Students rarely report sexual assaults to university police


Information and misconceptions about sexual assault. Photo credit: Kimberly Morales

With several school-led attempts to educate students on consent and sexual misconduct through required programs such as “Not Anymore,” students are advised to reach out to school-supported assets to report offenses — but few actually do so.

While students are required to fulfill alcohol and consent training, in the event of an assault, some students grapple with the question of if they should report and who they should reach out to.

The main resources for support on campus are Safe Place and the Counseling & Wellness Center. Safe Place serves as a confidential outreach to students who have experienced sexual assault, intimate partner violence, or stalking. These resources offer a plethora of support through crisis intervention, prevention education, resources and referrals.

While Safe Place is an environment for survivors to come forward, the help doesn’t end there for students. With their consent, Safe Place can suggest that the reporter reaches out to the Health Center, or even the University Police Department if the reporter feels comfortable encouraging.

“Safe Place, the Student Health Center, and University police department are all collaborative partners, but we are distinctly separate,” advocate and administrator for Safe Place, Alix MacDonald said. “We don’t hand out cases, but rather work together if a student would like us to coordinate collaborative care for them. We must get a release of information from the student to allow us to talk with each other to connect the student to either service. Part of the role of Safe Place is to accompany/respond to students at the (Student Health Center) or UPD, so I often will meet students at the Health Center or University Police Department for their exam or law enforcement interview.”

MacDonald declined to answer other questions about the issue, including why students tend to under-report assaults to police.

Chico State’s Title IX oversight committee also honors confidentiality to respect the privacy of survivors.

“Confidentiality can be complex, especially around Title IX type issues,” Dylan Sakke, director of Title IX, said. “Safe Place and the Counseling and Wellness Center are truly confidential in that what people share in there is not only confidential but privileged by law. No one can make you share. We guard that information privately. We also keep it confidential.”

To further affirm the confidentiality of the campus resources, UPD Chief John Reid explained that information available to students following a case of sexual assault is limited to only necessary information such as time, general location, and the reported crime. The information regarding the investigation or the offender is not accessible to the public to respect the privacy of the reporter.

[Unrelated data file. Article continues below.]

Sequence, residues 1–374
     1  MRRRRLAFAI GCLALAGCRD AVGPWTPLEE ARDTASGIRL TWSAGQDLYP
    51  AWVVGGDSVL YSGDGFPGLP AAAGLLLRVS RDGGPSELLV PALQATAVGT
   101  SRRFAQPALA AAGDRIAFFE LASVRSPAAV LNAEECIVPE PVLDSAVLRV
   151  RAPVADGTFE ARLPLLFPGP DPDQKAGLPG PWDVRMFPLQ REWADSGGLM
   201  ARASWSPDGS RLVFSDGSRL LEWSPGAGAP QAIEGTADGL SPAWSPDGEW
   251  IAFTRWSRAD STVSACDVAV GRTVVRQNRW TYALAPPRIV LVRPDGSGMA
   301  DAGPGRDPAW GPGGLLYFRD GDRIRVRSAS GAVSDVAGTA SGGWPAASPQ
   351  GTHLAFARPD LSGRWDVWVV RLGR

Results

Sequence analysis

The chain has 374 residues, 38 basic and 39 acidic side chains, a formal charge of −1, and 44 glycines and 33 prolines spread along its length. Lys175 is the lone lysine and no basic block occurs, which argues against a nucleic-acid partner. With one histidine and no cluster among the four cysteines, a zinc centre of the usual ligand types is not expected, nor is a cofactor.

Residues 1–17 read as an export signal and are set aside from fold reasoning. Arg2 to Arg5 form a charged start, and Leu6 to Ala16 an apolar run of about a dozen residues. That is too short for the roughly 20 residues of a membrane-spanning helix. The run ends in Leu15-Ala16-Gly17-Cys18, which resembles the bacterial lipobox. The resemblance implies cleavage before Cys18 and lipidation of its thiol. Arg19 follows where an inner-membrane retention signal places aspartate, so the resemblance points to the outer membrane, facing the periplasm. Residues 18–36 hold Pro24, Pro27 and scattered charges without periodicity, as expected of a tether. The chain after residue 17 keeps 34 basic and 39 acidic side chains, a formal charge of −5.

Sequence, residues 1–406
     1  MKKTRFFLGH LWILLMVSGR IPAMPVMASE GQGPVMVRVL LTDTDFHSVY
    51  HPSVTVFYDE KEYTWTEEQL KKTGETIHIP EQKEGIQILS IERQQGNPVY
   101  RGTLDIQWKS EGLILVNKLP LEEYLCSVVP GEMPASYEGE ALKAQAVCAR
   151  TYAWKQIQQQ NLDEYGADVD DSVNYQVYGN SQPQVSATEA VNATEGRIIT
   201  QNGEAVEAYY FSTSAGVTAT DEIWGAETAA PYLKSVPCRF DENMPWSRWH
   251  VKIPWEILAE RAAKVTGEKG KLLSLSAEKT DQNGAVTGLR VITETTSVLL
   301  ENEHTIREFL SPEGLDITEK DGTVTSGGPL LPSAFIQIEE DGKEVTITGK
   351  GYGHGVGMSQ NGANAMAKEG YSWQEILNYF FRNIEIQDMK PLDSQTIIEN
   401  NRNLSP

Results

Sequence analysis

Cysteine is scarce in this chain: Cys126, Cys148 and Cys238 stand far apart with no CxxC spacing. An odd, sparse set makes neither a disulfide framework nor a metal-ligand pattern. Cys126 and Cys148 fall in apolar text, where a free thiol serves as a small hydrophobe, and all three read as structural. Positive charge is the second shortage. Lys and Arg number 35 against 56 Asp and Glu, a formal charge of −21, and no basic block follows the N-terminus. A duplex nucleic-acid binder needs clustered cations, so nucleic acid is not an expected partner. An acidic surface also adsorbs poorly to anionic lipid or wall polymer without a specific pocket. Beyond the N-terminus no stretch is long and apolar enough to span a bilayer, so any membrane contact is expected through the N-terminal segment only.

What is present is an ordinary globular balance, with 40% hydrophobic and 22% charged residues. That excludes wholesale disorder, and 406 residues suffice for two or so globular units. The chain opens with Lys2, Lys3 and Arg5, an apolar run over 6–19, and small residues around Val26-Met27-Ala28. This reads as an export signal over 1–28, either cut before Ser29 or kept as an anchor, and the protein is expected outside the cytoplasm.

The unfortunate fact is that often, sexual assault cases go unreported due to several misled fears, according to University Police Chief John Reid.

Why students have trouble seeking law enforcement is a complicated question.

“The vast majority of people do not want to report to law enforcement,” Saake said. “Mostly they want to understand their options, what the process looks like, but most do not what to pursue charging the offender. The process is hard, potentially you’ll be on the witness stand or cross-examined, so many people are discouraged. It’s easy to call our cops, but from there it’s more complicated.”

Saake said that many different student groups and students individually have different relationships with law enforcement.

“Some people feel more comfortable working with cops than others, some communities have different experiences with law enforcement than others, and that’s the beauty of having facilities set up such as Safe Place. We can schedule an appointment for you if that’s what you want and explain to you what to expect,” Sakke said.

Conversely, law enforcement on campus describes their relationship with the campus community.

“In my lens, I’m trying to treat people with respect, and have a good reputation that I work really hard to establish,” UPD commander Chris Nicodemus said. “There are some people who have had different experiences with law enforcement but what we need to do and what I’ve been having officers work on is taking on the lens of other people — just because if I don’t feel scared doesn’t mean that another student wouldn’t. We’re trying to fix that divide and have communication.”

“We’re always in dialogue with our faculty, staff, and students as far as trying to figure out what is needed, and making those adjustments,” he said.

Kimberly Morales can be reached at [email protected] or @kimberlymnews on Twitter.